‘Why I drank’ by Veronica Valli

Unknown-4Here is some powerful writing from Veronica Valli, recently posted on her blog and taken from her book Why you drink and How to stop: journey to freedom.

‘I tried to drink like ‘other people’ because they looked ‘normal’ to me. Other people drank and they were fine; I could tell. I would judge them by how they looked on the outside and I wanted to be like that.

Something inside me was different and it wasn’t fine. Which is why I had to lie to myself – a big fat lie that ate me up and that I had to keep telling myself, because it kept a lid on the horror. I had to lie about what I was doing to myself. I had to lie about how I really felt. I had to lie about who I was. I had to lie because I was terrified of the horror inside me being exposed.

This may only make sense to someone who has had a problem with drink or any other mood or mind-altering substance. Or it may make sense to you if you have lived a life of desperate compromise and unfulfilled promise.

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‘Are you recovered or recovering?’ by Veronica Valli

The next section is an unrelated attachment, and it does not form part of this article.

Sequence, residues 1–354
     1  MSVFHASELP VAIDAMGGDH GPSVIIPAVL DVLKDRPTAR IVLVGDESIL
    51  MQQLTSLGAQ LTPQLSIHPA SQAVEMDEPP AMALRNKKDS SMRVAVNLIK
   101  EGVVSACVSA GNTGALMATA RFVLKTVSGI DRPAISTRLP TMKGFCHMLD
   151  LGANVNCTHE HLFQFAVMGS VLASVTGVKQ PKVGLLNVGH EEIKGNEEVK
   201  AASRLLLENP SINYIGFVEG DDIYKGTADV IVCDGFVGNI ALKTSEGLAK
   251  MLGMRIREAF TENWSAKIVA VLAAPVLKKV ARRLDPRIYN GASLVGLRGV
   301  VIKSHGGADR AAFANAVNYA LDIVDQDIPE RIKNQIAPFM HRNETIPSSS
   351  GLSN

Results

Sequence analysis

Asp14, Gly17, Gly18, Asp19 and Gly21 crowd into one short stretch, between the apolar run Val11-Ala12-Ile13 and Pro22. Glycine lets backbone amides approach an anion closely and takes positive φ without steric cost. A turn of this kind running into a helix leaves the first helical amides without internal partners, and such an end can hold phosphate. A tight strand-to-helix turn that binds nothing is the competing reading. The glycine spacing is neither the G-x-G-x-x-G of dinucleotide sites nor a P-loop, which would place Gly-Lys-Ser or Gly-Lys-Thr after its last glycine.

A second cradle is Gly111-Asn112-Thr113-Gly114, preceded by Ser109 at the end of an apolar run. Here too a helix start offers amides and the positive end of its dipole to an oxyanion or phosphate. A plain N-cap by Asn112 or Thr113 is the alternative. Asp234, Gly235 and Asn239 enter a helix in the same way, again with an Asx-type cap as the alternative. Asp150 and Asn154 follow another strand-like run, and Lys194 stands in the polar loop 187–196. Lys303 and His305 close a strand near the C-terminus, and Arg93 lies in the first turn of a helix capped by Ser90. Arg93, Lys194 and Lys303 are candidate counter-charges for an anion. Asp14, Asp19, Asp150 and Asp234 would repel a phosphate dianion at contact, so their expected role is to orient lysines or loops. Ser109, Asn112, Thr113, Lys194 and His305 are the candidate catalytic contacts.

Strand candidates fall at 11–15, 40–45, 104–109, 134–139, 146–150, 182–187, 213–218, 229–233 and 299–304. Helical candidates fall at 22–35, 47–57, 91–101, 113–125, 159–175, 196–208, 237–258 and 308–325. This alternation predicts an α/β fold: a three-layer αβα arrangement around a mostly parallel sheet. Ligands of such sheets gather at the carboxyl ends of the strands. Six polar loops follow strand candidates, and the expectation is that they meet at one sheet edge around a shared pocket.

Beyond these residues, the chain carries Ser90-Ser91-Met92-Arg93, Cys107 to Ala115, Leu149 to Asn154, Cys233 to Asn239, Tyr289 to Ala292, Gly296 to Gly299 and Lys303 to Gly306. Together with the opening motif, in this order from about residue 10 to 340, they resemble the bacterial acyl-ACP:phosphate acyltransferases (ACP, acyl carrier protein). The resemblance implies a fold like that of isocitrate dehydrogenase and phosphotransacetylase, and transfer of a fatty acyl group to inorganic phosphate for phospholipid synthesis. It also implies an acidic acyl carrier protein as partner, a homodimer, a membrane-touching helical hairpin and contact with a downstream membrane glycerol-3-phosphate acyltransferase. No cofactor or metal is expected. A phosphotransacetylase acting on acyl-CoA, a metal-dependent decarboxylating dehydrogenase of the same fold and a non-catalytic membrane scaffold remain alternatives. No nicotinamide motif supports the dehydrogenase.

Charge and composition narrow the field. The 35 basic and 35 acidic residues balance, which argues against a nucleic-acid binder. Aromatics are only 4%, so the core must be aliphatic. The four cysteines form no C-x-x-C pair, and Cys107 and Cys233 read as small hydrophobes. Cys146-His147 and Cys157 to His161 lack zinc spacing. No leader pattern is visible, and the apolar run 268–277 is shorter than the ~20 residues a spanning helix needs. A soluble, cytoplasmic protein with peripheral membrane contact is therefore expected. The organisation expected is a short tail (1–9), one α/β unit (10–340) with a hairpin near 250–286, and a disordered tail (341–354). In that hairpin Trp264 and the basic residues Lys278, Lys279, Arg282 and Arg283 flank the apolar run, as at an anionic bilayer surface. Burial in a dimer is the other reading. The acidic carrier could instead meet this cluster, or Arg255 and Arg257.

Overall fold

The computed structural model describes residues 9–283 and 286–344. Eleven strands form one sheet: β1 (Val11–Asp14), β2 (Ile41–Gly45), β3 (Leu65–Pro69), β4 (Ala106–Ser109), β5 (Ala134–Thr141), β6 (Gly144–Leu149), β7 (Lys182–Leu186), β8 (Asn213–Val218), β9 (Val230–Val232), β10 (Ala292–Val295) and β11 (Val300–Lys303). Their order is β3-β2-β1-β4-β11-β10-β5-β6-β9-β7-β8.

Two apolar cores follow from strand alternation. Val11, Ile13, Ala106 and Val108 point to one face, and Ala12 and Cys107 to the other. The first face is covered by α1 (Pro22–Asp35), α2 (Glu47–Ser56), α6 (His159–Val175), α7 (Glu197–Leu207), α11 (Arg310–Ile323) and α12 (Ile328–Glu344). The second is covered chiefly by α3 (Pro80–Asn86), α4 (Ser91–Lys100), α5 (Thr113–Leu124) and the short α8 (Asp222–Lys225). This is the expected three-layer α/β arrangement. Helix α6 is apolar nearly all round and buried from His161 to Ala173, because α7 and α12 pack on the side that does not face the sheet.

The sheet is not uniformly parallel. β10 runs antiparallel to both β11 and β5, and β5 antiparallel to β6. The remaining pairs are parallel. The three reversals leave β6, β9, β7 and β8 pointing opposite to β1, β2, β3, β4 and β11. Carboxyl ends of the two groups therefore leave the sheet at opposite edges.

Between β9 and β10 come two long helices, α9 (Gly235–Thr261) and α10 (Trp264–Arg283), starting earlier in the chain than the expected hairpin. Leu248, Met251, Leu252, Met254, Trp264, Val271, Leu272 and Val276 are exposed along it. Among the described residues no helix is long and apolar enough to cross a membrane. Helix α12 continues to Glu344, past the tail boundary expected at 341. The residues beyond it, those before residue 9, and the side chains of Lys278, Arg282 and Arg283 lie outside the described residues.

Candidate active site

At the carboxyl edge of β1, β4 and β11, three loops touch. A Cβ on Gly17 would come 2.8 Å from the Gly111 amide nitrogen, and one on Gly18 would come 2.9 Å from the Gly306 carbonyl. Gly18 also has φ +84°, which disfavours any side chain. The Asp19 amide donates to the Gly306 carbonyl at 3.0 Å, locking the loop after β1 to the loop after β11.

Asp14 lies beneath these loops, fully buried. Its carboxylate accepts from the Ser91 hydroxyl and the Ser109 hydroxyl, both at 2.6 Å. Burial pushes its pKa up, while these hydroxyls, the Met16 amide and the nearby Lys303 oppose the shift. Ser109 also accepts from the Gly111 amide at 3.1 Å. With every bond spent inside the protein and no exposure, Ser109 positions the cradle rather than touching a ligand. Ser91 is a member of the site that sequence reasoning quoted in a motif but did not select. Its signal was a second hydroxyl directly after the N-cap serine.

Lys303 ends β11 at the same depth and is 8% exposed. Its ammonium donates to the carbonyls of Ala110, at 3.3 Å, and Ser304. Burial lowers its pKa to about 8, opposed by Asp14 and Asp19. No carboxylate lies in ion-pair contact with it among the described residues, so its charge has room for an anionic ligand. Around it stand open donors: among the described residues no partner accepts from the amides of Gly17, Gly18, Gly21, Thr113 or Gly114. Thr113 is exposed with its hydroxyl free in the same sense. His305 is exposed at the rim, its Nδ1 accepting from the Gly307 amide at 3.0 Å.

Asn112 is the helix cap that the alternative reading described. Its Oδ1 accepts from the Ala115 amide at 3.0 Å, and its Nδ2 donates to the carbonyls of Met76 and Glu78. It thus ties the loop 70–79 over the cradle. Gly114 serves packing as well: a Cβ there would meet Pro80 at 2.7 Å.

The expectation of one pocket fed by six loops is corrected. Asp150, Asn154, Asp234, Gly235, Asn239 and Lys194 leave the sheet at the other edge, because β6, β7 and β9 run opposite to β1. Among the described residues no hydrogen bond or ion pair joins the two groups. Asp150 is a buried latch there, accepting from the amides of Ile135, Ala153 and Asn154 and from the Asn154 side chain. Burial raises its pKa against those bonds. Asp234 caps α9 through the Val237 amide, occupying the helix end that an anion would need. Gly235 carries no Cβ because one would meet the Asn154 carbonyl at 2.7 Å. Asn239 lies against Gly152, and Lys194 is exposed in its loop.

Unknown-1Here’s a great piece from one of my favourite bloggers.

‘It’s time to address a somewhat contentious issue in recovery circles. The matter of being either a ‘Recovered alcoholic/addict’ or a ‘Recovering alcoholic/addict.’

I am a recovered alcoholic and have considered myself one for many years. Let me explain why.

If you have read my book or read any of the posts on my blog, you will know that I predominantly believe that alcoholism is a manifestation of a spiritual condition. Alcoholism is not caused by external factors although they most definitely contribute.

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‘What to expect in early recovery’ by Veronica Valli

Unknown-1I like Veronica’s website. Here’s a recent blog.

‘The following is meant as a guide to support you in your early weeks of recovery from alcoholism. The first few days and weeks without alcohol can be frightening and confusing; you have, of course, put down your security blanket, your crutch, your way of coping with the world. It can be very challenging initially to go about your daily life without it.

The following are simple suggestions that when applied will greatly enhance your chances of a successful recovery; it’s the small things that can sometimes make the biggest difference.